Phylogeography of the copepod Calanoides carinatus s.l. (Krøyer) reveals cryptic species and delimits C. carinatus s.s. distribution in SW Atlantic Ocean

Published in Journal of Experimental Marine Biology and Ecology, v. 469:97-104

Viñas, M.D., Blanco-Bercial, L., Bucklin, A., Verheye, H., Bersano, J.G.F. and Ceballos, S.

Publication year 2015
  • Instituto Nacional de Investigación y Desarrollo Pesquero, Instituto de Investigaciones Marinas y Costeras, Paseo Victoria Ocampo No. 1, B7602HSA, Mar del Plata, Argentina
  • Department of Marine Sciences, University of Connecticut, 1080 Shennecossett Road, Groton CT 06340, USA
  • Oceans and Coastal Research, Department of Environmental Affairs, P.O. Box 52126, Victoria & Alfred Waterfront, Cape Town 8000, South Africa
  • University of Cape Town, Marine Research Institute, Private Bag X3, Rondebosch, 7701 Cape Town, South Africa
  • Laboratorio de Zooplâncton, Centro de Estudos do Mar, Universidade Federal do Paraná, Av. Beira-mar, s/n, P.O. Box: 61, 83255-976 Pontal do Paraná, PR, Brazil
  • Instituto Español de Oceanografía&mdashCentro Oceanográfico de Gijón, Avda. Príncipe de Asturias 70 bis , 33212 Gijón, Spain


IAI Program


IAI Project CRN3070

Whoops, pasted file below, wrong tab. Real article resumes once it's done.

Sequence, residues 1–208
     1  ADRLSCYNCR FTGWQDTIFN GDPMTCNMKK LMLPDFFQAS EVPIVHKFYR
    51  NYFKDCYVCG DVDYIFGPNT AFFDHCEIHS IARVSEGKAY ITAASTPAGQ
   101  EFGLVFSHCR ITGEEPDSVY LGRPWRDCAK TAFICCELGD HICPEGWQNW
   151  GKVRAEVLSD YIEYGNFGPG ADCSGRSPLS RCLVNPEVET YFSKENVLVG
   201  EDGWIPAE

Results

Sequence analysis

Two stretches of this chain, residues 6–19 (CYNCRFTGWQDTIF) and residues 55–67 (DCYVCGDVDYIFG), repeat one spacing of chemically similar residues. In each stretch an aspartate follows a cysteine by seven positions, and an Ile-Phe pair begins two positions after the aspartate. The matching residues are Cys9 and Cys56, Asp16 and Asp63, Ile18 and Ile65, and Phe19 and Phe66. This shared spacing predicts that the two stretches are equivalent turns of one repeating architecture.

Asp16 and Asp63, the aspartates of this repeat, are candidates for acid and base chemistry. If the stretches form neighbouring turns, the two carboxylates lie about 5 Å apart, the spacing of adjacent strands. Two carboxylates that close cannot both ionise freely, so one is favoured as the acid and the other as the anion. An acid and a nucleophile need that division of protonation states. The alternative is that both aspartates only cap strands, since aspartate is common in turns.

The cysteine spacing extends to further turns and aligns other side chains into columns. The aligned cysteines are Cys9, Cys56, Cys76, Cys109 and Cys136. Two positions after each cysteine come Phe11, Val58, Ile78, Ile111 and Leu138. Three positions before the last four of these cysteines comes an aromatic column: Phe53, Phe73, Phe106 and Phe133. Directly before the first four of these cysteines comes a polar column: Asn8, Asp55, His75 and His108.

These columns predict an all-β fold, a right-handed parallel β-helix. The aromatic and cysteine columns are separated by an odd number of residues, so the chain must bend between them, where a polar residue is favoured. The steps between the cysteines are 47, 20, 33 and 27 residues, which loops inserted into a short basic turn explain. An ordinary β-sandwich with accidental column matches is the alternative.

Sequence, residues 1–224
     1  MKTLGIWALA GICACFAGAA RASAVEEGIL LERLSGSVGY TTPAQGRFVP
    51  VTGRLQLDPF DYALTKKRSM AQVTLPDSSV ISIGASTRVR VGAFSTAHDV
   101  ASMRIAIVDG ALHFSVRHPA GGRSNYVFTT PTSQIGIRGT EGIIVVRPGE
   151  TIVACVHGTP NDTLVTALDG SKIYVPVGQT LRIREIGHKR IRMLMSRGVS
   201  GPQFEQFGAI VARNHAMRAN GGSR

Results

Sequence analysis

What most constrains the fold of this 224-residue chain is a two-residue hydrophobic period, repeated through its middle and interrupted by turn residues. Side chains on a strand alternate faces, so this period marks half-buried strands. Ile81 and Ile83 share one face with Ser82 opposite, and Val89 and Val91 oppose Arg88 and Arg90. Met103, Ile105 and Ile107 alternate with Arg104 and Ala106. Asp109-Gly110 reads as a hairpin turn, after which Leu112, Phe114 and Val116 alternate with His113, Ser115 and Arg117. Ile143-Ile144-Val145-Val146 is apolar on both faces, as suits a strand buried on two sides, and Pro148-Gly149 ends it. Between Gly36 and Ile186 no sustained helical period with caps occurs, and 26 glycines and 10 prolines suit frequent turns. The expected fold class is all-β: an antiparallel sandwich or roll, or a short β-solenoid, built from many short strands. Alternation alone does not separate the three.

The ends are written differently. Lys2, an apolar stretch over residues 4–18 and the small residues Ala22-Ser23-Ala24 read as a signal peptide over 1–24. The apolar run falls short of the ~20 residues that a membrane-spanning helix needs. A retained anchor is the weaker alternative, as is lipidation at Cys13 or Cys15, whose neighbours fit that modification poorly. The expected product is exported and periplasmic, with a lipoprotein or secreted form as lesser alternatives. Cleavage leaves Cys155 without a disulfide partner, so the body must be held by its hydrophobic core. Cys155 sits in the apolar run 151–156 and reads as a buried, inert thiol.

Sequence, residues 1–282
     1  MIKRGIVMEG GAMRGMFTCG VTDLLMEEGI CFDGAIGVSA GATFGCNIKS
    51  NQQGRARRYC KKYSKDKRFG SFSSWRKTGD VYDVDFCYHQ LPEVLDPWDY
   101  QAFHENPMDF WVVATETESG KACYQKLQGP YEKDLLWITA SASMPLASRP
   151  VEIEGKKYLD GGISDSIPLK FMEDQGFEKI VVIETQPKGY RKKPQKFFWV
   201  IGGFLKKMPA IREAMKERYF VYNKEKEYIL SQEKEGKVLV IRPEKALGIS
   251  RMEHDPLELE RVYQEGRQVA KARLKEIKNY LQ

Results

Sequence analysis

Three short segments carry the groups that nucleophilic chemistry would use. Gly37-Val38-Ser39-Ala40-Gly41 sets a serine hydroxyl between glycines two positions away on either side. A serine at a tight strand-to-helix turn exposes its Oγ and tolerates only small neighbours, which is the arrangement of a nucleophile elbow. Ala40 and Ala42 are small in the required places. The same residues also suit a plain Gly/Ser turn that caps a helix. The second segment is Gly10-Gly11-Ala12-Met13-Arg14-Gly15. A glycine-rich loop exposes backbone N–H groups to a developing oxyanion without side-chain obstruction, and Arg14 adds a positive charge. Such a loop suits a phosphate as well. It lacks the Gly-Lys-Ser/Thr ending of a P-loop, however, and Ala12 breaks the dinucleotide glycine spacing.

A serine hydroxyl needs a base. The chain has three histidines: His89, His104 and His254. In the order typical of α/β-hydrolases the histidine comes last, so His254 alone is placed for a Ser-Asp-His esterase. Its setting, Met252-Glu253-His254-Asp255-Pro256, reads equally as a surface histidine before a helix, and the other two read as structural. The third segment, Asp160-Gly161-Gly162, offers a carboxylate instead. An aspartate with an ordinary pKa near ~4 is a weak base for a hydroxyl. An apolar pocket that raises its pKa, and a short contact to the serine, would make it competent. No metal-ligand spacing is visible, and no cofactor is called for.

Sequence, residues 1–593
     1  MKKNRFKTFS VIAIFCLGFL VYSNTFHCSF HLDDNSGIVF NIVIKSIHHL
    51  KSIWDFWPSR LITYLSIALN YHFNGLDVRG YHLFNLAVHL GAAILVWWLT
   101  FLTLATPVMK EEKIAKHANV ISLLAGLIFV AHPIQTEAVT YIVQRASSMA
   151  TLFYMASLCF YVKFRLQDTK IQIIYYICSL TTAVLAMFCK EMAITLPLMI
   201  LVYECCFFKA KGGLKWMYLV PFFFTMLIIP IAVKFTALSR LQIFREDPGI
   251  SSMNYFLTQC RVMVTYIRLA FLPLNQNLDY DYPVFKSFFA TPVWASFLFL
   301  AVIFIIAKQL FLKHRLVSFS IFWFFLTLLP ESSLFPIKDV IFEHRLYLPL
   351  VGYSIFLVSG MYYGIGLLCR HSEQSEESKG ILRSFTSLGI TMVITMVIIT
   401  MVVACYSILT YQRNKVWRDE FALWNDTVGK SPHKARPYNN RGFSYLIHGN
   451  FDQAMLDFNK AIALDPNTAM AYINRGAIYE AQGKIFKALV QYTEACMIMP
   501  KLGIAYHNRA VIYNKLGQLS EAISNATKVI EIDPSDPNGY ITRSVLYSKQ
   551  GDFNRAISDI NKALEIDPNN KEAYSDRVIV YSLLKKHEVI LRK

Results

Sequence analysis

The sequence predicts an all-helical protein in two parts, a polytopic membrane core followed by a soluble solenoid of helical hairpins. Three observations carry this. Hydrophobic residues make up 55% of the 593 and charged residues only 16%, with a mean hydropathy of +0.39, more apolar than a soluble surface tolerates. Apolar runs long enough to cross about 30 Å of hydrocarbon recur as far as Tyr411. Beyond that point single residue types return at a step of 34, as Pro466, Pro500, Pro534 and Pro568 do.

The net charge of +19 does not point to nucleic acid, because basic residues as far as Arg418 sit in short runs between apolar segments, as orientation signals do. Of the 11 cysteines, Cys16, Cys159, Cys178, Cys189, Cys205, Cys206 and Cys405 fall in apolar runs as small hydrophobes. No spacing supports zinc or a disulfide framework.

Calanoides carinatus sensu lato (s.l.) (Krøyer, 1848) is known to occur in the North and South Atlantic, Indian, and tropical western Pacific Oceans, and the Mediterranean Sea. In highly productive areas, this species may dominate the copepod biomass and occupy a pivotal position in the pelagic food webs that support commercial fisheries. Despite the species' ecological importance, its taxonomic status and biogeographic range are not certain. An international collaborative project was carried out to examine the molecular phylogeography and population genetics of C. carinatus of the Atlantic Ocean. A total of 55 specimens were identified from 13 samples collected from neritic populations of the SW (23°S&ndash47°S), SE (16°S&ndash34°S) and NE (11°N&ndash44°N) Atlantic Ocean. A 708 base-pair (bp) region of the mitochondrial cytochrome c oxidase subunit I (mtCOI) gene was amplified. DNA sequences were trimmed to a final aligned length of 484 bp for analysis. A parsimony haplotype network (constructed with TCS Ver. 1.2.1) had no shared haplotypes between the SE and SW Atlantic samples. In contrast, SE and NE Atlantic samples had broadly shared haplotypes, although several individuals from the NE Atlantic had very divergent haplotypes. Based on all samples analyzed, neutrality tests were both positive and significant (Tajima's D = 2.374, p < 0.05 Fu's FS = 29.378, p < 0.001) and haplotype diversity (Hd) was 0.81. NE and SE Atlantic samples were pooled for analysis (based on average pairwise Tamura-Nei distance between C. carinatus s.l. individuals = 0.024). Between SW and NE/SE Atlantic populations, average pairwise distance = 0.556 and &phiST = 0.956 (p < 0.0001). Phylogeographic analysis of mtCOI sequence variation indicates that C. carinatus s.l. comprises two genetically divergent and geographically distinct species. Since the type locality of the species is in Brazilian waters, we consider the SW Atlantic type to represent C. carinatus sensu stricto (s.s.), with a biogeographical range restricted to the SW Atlantic Ocean. Further, we consider the NE/SE Atlantic type to be an undescribed, cryptic sibling species.